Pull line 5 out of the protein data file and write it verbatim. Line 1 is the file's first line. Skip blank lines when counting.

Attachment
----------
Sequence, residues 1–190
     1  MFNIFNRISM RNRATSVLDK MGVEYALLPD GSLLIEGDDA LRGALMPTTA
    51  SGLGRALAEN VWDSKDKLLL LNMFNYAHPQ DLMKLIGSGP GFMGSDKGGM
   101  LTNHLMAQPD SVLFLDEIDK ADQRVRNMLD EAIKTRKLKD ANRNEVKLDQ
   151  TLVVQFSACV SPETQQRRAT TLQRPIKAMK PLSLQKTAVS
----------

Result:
   151  TLVVQFSACV SPETQQRRAT TLQRPIKAMK PLSLQKTAVS